Every interaction is an intervention

Having been a leader of teacher development for many years there has never been a more crucial time for responsive, quality teaching. I’m sure all educationalists would agree that our main purpose is to enable children to flourish; and in these uncertain times we can perhaps more than ever be the difference our children deserve.

The pandemic has seen educational gaps widen further and this needs to be addressed urgently in practical ways (EEF, 2020). The answer can be simply put; ascertain the gaps and teach accordingly to close them.

With the undeniable impact of school closures, accurately diagnosing gaps in children’s learning and identifying pupils’ common misconceptions is more crucial than ever. The findings of John Hattie’s Visible Learning (2009), based on years of research around what really matters in education, sought to answer one question: “What do we do in schools and how much impact does it have?” The outcome was to show that top of the list of effect on learning is formative assessment.

In a Twitter post in 2013, Dylan Wiliam said that he wished he’d called AfL ‘responsive teaching’, giving an insight into how he thinks formative assessment should really look in the classroom.

Being responsive to the pupils in front of us forms the basis of good teaching and therefore good learning; we need to unburden ourselves from the weight of curriculum ‘catch-up’ and schemed interventions to minimise the possibility of a lasting disadvantage gap. Find ways to fill the gaps, speed up the learning and provide practical opportunities for lasting change in the long-term memory of all pupils, but especially those that have effectively fallen behind.

Evidence tells us that withdrawal from lessons to perform ‘catch-up’ with the least qualified staff is not the answer as pupils miss out on quality interactions in the classroom (EEF, 2021).

Instead, teachers need to have an in-depth knowledge of how to analyse and assess current knowledge and understanding of all of their pupils and the steps to improve outcomes for all (Wiliam, 2017).

To prepare children effectively for their subsequent learning, we must identify the subject-specific knowledge and ideas that transform children’s understanding and break down these ‘threshold concepts’ (Meyer and Land, 2003) into small steps through carefully sequenced planning to enable subject mastery. Once we are clear about these steps we can be responsive in all our teaching interactions, working to react to the minute-by-minute assessment information gathered, and working to consolidate and grow children’s knowledge and understanding systematically and significantly.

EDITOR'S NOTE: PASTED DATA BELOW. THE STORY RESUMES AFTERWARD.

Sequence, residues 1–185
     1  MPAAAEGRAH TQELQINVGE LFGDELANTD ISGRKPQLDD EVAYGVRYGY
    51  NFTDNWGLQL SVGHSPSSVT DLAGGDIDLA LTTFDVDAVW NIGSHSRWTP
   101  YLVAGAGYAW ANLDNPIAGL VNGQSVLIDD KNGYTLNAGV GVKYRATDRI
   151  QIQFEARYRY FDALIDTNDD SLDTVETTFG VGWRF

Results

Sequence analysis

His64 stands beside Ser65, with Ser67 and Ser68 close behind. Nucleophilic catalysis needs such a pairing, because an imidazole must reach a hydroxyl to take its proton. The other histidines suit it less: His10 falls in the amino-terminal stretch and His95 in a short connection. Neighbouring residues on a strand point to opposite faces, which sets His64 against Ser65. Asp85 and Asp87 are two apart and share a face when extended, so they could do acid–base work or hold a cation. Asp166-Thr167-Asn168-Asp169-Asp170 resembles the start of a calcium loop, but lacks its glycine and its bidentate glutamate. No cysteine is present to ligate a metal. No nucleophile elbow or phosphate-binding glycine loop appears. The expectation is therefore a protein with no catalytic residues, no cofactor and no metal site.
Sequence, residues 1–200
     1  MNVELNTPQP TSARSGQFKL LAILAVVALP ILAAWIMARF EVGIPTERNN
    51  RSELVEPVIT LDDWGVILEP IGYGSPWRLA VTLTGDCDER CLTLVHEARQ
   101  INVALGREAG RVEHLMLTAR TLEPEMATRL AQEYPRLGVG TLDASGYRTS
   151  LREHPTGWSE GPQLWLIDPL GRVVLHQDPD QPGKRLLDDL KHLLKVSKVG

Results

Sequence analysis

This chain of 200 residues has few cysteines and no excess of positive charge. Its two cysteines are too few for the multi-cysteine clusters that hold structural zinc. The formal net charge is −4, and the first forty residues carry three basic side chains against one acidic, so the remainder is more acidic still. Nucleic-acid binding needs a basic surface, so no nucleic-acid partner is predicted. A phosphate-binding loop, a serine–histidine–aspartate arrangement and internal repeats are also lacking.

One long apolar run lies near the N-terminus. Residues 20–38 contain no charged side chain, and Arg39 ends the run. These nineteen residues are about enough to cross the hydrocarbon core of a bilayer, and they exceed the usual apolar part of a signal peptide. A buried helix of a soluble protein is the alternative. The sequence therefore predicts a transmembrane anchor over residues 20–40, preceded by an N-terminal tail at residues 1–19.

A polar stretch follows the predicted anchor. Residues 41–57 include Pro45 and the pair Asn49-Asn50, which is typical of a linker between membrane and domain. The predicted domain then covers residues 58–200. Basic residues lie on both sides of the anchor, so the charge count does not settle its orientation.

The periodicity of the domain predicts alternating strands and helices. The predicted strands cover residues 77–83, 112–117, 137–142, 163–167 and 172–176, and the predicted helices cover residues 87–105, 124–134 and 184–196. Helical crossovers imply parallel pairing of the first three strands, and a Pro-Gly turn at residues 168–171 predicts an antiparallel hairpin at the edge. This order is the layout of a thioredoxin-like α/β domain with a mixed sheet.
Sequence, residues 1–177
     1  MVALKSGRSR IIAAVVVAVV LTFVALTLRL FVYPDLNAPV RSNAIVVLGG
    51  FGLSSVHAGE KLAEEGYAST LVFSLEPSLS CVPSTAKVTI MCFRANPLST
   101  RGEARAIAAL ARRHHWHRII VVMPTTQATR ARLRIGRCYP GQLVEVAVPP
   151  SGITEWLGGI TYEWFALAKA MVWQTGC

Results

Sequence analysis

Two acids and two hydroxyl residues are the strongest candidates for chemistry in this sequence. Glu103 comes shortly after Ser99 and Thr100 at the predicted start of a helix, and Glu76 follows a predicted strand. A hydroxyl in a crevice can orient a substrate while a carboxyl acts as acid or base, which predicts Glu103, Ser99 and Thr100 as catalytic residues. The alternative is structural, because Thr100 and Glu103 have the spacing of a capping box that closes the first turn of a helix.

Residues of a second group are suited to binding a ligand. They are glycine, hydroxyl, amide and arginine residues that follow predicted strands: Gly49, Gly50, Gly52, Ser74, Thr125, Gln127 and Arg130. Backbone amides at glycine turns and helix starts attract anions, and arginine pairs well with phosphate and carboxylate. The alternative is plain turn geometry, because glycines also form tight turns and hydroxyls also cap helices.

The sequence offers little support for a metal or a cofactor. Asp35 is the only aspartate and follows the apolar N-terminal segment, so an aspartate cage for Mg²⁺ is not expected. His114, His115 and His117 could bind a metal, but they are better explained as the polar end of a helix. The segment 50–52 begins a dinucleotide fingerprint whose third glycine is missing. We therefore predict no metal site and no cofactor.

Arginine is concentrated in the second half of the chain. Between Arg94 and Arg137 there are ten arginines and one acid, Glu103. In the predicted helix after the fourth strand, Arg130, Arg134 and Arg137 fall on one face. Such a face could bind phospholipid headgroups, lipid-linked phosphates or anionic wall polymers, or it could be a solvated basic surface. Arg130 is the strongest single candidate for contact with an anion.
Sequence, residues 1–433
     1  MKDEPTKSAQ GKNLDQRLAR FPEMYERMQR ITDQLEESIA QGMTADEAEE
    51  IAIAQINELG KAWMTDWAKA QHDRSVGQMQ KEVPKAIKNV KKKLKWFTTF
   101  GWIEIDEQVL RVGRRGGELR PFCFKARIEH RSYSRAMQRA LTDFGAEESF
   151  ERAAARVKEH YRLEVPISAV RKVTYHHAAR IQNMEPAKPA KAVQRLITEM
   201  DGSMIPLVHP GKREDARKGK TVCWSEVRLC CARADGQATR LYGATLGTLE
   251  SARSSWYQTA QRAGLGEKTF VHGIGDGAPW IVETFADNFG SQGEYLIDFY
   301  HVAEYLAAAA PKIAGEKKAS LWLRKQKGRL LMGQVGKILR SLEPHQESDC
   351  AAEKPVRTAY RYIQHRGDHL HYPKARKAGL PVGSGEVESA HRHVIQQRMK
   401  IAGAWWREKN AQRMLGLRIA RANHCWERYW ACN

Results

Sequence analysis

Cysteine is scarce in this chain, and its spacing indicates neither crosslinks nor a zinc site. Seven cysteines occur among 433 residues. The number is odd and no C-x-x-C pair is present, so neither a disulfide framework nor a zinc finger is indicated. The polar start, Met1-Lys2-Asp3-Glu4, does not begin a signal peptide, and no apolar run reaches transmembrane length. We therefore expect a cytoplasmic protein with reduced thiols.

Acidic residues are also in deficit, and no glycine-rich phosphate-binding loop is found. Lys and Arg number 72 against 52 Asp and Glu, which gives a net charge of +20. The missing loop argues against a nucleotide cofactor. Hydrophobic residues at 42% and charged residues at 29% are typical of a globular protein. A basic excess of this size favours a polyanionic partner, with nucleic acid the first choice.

Identifying the key concept(s) within a lesson also enables teachers to plan questions that assess the extent of children’s understanding effectively before moving on to the next step. These ‘hinge’ points, where a teacher decides whether to progress or recap, enable responses to learners’ needs in the moment as well as informing subsequent lesson planning.

Key to this is the ability to provide high quality, in the moment feedback to learners to enable them to improve their own learning. In their systematic review of the impact of feedback on pupil attainment (EEF 2021) Newman, Kwan, Schucan Bird and Hoo found that teachers giving this kind of quality feedback could help children make up to eight months’ additional progress.

As we readjust to a post-pandemic environment, effective assessment or responsive teaching has never been more important. All children should receive high-quality feedback about their current learning and next steps, and teachers should act responsively in the moment and afterwards to plan subsequent lessons, enabling focused inputs on aspects that the children found trickier. Ultimately, for any formative assessment to be successful, it needs to be viewed as an inherent part of the teaching and learning process.

Whilst responsive teaching is not necessarily the single ‘silver bullet’ for dramatically improving outcomes for pupils it definitely is the core component of great teaching and learning. If we can combine quality feedback with the right conditions for learning (including approaches to behaviour management, metacognition and mind-set), add an in-depth understanding of how pupils learn, we have the solution in front of us. In fact, it has always been there and it is what great teachers have always done.

Want to know more?

Assessment and feedback | EEF (educationendowmentfoundation.org.uk)

Practical Ideas for Classroom Formative Assessment - LSI Dylan Wiliam Center


Systematic_Review_of_Feedback_(EPPI)_(2021).pdf (educationendowmentfoundation.org.uk)

Wiliam, D. (2017) Embedded Formative Assessment: (Strategies for Classroom Assessment That Drives Student Engagement and Learning): Second Edition, Solution Tree Press

Written by Susan Marbe, Evidence Lead in Education

Find out more about Susan here.

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